Before taking up the discussion of that question, it laid down two postulates, viz.: "Where a commodity shipped is included in more than one tariff designation, that which is more specific will be held applicable. U. S. Industrial Alcohol v. Director General, 68 I. C. C. 389, 392; Augusta Veneer Co. v. Southern Ry. Co., 41 I. C. C. 414, 416. And where two descriptions and tariffs are equally appropriate, the shipper is entitled to have applied the one specifying the lower rates. Ohio Foundry Co. v. P., C., C. & St. L. Ry. Co., 19 I. C. C. 65, 67; United Verde Copper Co. v. Pennsylvania Co., 48 I. C. C. 663" and then said: "It follows that, if the property in question properly might have been described either as gasoline or as unrefined naphtha, the lower rate was lawfully applied, and defendant was not guilty. And the burden was on the United States to prove beyond a reasonable doubt that the property so shipped was gasoline and was not unrefined naphtha."
The conclusion reached was that there was no substantial evidence to sustain a finding that the product shipped was not unrefined naphtha. Accordingly, under either postulate, the defendant was entitled to the rate which it had paid, and therefore was not guilty of receiving any concessions or discriminations.
It is claimed by plaintiff in error that the first postulate was pure dictum. We do not think that either postulate can properly be considered dictum. The line of reasoning of the Supreme Court opinion is this: That the evidence showed that the product shipped had, prior to December 2, 1916, been designated along with other products under the term "gasoline"; but on that date certain products, including the one shipped, had been taken out from the general designation "gasoline" and placed under the more specific designation "unrefined naphtha." Therefore the first postulate applied. The line of reasoning proceeds: That, even granting that the designation "gasoline" was still equally appropriate, then the second postulate applied. That the Supreme Court considered the first postulate as having a direct bearing upon the case is conclusively shown by the following language used in the opinion:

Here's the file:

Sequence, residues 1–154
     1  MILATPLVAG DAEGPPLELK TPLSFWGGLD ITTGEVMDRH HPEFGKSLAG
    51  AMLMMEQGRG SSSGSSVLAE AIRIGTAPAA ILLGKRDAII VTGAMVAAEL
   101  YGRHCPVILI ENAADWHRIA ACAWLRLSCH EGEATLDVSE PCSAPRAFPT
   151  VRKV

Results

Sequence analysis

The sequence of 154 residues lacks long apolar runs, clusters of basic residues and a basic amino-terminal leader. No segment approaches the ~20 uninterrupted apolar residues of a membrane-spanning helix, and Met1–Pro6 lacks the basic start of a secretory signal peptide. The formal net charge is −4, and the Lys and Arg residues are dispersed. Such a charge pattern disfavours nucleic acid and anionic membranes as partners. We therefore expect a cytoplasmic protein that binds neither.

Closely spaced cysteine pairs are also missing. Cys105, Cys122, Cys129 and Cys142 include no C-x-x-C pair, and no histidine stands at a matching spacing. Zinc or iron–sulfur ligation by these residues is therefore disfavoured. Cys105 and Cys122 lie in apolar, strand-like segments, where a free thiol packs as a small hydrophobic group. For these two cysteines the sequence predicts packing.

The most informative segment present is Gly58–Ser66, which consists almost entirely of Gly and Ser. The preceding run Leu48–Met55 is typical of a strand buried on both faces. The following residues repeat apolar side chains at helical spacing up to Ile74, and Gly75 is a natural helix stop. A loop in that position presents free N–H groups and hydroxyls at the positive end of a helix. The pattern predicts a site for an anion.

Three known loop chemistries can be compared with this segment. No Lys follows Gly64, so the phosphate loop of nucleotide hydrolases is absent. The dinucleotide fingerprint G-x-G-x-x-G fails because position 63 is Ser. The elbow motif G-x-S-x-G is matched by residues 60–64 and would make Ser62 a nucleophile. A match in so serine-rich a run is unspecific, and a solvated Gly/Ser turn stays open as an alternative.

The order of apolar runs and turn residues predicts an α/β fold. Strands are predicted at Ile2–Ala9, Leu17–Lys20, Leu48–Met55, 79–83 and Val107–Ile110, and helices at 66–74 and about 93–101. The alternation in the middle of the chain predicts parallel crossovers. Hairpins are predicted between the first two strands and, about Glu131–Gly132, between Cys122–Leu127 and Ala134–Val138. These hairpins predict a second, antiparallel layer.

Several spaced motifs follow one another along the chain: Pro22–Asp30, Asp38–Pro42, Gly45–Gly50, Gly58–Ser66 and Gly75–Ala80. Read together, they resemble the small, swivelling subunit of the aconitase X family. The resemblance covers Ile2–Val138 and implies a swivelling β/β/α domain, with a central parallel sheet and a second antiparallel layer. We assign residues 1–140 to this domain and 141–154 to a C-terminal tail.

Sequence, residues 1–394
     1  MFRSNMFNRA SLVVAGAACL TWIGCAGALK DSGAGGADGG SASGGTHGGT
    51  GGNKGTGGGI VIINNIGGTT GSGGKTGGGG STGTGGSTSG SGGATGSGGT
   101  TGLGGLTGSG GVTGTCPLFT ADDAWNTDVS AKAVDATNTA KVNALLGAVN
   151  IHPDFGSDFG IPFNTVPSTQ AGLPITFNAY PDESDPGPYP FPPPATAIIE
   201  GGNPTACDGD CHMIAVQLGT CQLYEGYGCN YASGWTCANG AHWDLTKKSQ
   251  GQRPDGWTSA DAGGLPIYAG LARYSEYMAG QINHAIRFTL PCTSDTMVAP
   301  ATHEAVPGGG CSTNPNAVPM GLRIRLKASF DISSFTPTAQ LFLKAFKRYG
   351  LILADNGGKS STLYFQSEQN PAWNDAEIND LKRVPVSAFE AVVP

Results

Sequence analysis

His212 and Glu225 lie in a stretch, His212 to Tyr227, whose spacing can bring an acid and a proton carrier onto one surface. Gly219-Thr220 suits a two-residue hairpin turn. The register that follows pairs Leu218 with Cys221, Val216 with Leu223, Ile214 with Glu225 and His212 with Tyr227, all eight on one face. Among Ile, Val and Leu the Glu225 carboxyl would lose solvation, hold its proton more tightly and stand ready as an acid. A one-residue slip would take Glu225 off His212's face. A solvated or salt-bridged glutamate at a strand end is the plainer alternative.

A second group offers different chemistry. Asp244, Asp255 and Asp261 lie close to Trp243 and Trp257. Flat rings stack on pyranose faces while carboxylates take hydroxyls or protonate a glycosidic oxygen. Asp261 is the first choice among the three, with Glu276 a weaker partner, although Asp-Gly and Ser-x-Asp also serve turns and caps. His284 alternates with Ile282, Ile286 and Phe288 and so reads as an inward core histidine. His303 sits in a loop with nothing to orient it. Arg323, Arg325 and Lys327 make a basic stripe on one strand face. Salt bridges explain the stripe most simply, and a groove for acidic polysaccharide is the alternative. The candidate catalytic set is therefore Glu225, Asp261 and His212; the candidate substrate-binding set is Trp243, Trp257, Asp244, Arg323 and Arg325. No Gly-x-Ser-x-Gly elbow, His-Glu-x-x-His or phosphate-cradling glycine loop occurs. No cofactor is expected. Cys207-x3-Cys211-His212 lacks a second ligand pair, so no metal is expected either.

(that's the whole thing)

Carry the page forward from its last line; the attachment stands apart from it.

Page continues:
"But the evidence * * * shows that the purpose of the carrier was to put in a tariff covering the unfinished product referred to in the negotiations as crude unfinished naphtha, crude naphtha, unrefined naphtha and unfinished naphtha. * * * The thing shipped was not ordinary gasoline, and it was lawful to distinguish it by tariff designation and to make the specified rate applicable. The words employed describe the product with sufficient accuracy."
But it is contended that the first of the two postulates laid down by the Supreme Court is not supported by the citations made. *71 We do not think this contention merits serious consideration. A statement by the Supreme Court of the principles of law which must govern the construction of railroad tariffs does not need citation of authorities. To avoid misapprehension, however, it may be stated that in our opinion the rule announced not only is supported by the citations made from the Interstate Commerce Reports, but also by other decisions of that tribunal, which we have heretofore cited. Not only so, but the principle enunciated is a broad one, and finds application generally in the construction of statutes and contracts, as we have heretofore pointed out.
The trial court committed no error in entering judgment for the plaintiff, and the judgment is affirmed.